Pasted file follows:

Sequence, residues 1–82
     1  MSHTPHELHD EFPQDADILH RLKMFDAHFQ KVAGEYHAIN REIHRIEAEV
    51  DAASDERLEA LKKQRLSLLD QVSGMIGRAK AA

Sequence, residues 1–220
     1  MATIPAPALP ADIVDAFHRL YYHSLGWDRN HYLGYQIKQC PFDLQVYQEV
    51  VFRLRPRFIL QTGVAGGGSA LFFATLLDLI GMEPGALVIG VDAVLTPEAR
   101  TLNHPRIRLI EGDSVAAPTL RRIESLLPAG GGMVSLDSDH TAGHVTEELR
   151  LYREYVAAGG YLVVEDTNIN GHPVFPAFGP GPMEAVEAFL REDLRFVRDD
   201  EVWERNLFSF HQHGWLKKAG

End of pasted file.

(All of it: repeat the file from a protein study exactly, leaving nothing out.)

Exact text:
Sequence, residues 1–82
     1  MSHTPHELHD EFPQDADILH RLKMFDAHFQ KVAGEYHAIN REIHRIEAEV
    51  DAASDERLEA LKKQRLSLLD QVSGMIGRAK AA

Sequence, residues 1–220
     1  MATIPAPALP ADIVDAFHRL YYHSLGWDRN HYLGYQIKQC PFDLQVYQEV
    51  VFRLRPRFIL QTGVAGGGSA LFFATLLDLI GMEPGALVIG VDAVLTPEAR
   101  TLNHPRIRLI EGDSVAAPTL RRIESLLPAG GGMVSLDSDH TAGHVTEELR
   151  LYREYVAAGG YLVVEDTNIN GHPVFPAFGP GPMEAVEAFL REDLRFVRDD
   201  EVWERNLFSF HQHGWLKKAG